Mississippi River

The 2,340-mile Mississippi River flows from the through ten states — Minnesota, Wisconsin, Iowa, Illinois, Missouri, Kentucky, Tennessee, Arkansas, Mississippi, and Louisiana — before emptying into the Gulf of Mexico. Along the way, it provides drinking water for more than 18 million people as well as vital cultural, recreational, economic, and wildlife resources to the entire country.  The Mississippi River watershed drains all or part of 32 states, and is the second largest watershed on the North American continent.

What is ELPC Doing?

  • Conserving wild and natural places like the Driftless. In the heart of the Midwest lies the Driftless area, straddling the mighty Mississippi across parts of Illinois, Wisconsin, Iowa, and Minnesota. With its unique topography and deep rolling hills, the Driftless is a treasured place to camp, fish, hike, hunt, and tour vineyards and organic farms. Yet plans for a massive high-powered transmission line threaten to cut a wide swath through this pristine area from Iowa to Wisconsin, sparking protest among local residents. With energy demand declining in the area, the destruction is certainly unnecessary. ELPC is representing the Driftless Area Land Conservancy in the courts, as they fight the Cardinal Hickory Creek transmission line.
  • Protecting the Mississippi headwaters from oil. The proposed Enbridge Line 3 would traverse an ecologically vulnerable part of northern Minnesota and Wisconsin, carrying the same heavy “dilbit” oil that devastated the Kalamazoo River in 2010. This pipeline would cross rivers, lakes and wetlands, Native American ”ceded territories” where the Bands retain hunting, fishing, and gathering rights, and the priceless headwaters of the Mississippi, before ending at a tank farm across from the refinery on Lake Superior where an explosion last year injured dozens. ELPC is urging the state to consider whether there is any genuine need for the project, to seriously evaluate alternative routes, and to require Enbridge to set aside funds for any potential ruptures, so taxpayers won’t have to clean up their mess.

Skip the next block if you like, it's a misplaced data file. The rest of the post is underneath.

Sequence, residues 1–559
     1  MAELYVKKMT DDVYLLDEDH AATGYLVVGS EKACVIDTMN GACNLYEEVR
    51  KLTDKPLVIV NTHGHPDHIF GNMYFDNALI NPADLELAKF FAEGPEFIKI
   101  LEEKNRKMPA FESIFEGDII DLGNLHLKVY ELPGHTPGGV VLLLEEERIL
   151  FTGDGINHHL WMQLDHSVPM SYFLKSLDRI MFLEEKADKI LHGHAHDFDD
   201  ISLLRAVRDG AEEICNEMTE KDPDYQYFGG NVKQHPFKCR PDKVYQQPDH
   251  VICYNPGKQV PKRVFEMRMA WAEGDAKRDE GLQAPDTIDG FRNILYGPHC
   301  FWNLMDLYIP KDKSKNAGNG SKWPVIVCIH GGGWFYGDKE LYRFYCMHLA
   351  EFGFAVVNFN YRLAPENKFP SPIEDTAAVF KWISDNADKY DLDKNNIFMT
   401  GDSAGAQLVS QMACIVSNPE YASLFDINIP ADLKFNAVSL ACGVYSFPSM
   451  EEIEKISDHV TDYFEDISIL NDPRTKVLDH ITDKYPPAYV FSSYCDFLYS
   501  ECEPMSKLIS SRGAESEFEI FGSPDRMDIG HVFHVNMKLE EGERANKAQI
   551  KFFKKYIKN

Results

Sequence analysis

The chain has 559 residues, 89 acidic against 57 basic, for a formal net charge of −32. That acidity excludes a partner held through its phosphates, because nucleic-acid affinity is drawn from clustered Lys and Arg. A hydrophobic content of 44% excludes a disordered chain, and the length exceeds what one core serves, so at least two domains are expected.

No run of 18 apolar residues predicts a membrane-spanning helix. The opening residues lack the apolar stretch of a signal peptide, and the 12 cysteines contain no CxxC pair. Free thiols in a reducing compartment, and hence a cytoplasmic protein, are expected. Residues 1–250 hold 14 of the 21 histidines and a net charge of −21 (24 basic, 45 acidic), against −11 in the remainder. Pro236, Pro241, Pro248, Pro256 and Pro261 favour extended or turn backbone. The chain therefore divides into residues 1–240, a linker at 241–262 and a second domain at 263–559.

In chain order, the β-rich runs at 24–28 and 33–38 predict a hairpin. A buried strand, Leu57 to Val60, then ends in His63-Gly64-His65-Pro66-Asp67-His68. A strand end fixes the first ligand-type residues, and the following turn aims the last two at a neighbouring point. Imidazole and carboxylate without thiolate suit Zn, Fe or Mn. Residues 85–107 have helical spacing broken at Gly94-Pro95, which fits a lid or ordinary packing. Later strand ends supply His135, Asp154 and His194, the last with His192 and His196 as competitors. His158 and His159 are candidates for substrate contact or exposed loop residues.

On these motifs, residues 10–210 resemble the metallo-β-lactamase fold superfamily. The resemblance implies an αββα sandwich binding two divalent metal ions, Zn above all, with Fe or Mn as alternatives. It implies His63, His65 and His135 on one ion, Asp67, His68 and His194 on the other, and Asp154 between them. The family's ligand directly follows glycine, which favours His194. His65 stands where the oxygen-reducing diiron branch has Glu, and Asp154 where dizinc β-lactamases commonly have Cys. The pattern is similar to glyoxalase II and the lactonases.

• Reducing pollution and algal blooms. Runoff pollution is drastically under-regulated, whether from urban or rural sources along the river and its many tributaries. The excess nitrogen, phosphorus, and other materials that flow into small streams and rivers across a third of the country eventually find their way into the Mississippi and then the Gulf of Mexico. Locally, this “non-point pollution” causes excess algae that blooms into stinky and sometimes toxic masses that can decrease property values, disrupt tourism, and harm aquatic life. In the Gulf of Mexico, it creates a massive “dead zone” where no oxygen is available for native aquatic life to thrive. ELPC is working to improve water quality criteria and enforce the Clean Water Act to prevent such pollution.


What causes algal blooms? Indiana University Center for Earth & Environmental Science
ELPC publications – Cultivating Clean Water (2010), Land Use Tools to Protect Groundwater 1-4(2011)


Driftless area – Driftless Area Land Conservancy
Headwaters – Friends of the Headwaters, Honor the Earth
General Mississippi – Mississippi River Collaborative, Friends of the Mississippi River, Upper Mississippi River Basin Association


Star Tribune: Enbridge says Line 3 pipeline project in Minnesota to be delayed a year
Wisconsin Public Radio: “Once it’s built, there’s no going back” Public gives input on ATC transmission line before PSC
Wall Street Journal: The World’s Appetite is Threatening the Mississippi River

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